The Leesburg Town Council is asking its county counterparts to consider the impacts of a vote planned for tonight that could open up some rural land to residential development.
Tuesday night, at their council’s bimonthly business meeting, council members voted to direct Mayor Kelly Burk to write a letter to the Board of Supervisors asking them to delay voting on a proposal to move land just outside the town’s southern limits from the Rural Policy Area to the Transition Policy Area as part of the county’s comprehensive plan review. The land is located west of the Dulles Greenway, east of Evergreen Mills Road and south of the town corporate limits.
Proponents of the change in land designation have noted that the land is already surrounded by residential development. The county staff is recommending allowing residential development areas—designated as zones P1 and P2—at three to five units per acre.
Several advocates of preserving rural land spoke during the council during the petitioner’s section last night, prompting the council to vote to suspend the rules and bring the motion up under new business.
Al Van Huyck, a former chairman of the county’s Planning Commission, said a vote to move that 1.3 square miles and 1,300 homes into the Transition Policy Area could be precedent-setting. It could in the future open up land on the west side of Evergreen Mills to Rt. 15 to further development, he said.
Mom’s Apple Pie owner Avis Renshaw, who also operates a farm with her family in Lucketts, said that further depletion of rural land, particularly farmland, is something the county and town need to take seriously. She noted that the farmland in Loudoun County is among the top rated farmland in the nation for its productivity, versatility and resilience.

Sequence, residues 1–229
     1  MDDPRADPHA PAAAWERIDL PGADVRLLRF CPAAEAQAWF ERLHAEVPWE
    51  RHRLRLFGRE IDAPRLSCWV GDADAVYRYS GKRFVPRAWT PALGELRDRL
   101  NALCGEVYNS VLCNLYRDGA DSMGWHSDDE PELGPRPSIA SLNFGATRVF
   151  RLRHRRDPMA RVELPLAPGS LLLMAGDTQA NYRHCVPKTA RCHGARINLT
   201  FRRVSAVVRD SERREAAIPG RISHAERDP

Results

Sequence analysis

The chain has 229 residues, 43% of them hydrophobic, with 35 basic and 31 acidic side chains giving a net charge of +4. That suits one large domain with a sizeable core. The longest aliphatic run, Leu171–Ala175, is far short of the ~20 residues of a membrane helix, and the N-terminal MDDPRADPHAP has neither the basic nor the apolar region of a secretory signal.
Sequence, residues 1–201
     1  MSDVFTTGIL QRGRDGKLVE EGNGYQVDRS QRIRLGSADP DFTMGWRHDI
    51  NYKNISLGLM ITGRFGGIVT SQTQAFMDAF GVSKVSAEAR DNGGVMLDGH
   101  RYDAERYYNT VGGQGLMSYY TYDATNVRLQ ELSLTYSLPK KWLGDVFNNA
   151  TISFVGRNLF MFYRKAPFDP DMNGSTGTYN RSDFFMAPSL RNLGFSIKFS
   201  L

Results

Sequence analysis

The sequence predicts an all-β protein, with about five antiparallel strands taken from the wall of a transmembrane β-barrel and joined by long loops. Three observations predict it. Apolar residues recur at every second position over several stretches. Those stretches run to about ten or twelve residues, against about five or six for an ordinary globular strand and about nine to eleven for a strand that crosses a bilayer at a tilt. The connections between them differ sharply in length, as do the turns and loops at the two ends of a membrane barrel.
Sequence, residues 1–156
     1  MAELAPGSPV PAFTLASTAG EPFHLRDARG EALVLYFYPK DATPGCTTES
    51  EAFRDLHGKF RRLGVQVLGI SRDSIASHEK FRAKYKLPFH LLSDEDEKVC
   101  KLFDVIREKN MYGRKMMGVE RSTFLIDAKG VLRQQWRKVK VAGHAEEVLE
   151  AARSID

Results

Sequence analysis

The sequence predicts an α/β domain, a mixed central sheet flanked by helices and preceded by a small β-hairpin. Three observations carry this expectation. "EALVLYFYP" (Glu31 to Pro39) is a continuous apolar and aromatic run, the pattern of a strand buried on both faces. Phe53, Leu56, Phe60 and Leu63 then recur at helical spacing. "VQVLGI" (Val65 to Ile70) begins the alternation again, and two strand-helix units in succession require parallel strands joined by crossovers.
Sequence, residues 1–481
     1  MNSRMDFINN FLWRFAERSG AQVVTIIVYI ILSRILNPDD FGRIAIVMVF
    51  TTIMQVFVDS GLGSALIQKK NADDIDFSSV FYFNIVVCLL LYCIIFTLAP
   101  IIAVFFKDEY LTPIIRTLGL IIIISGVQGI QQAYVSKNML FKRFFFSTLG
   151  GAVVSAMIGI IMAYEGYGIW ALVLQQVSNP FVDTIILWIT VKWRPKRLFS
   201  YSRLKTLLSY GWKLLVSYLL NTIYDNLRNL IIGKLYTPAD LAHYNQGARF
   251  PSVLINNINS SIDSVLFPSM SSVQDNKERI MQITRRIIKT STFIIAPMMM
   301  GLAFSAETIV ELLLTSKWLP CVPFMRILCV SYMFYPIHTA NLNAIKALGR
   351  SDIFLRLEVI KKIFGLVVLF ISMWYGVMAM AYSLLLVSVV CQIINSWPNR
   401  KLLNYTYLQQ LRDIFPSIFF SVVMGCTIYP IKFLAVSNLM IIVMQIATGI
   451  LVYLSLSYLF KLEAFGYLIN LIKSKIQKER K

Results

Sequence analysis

“When we lose farmland we’re losing the best of the farmland in the nation,” she said.
Councilman Tom Dunn initially introduced a motion that would have directed Burk to write a letter asking the board to delay their planned Wednesday vote. However, he withdrew his motion after Councilman Neil Steinberg found support for his motion that the board not change the two land bays’ designations, allowing both the town and county more time to consider the ramifications of changing planning designations in those areas. Steinberg’s motion passed by a 5-2 vote, with Dunn and Councilman Josh Thiel opposed.
Tonight’s comprehensive plan work session begins at 6 p.m. in the boardroom of the Loudoun County Government Center.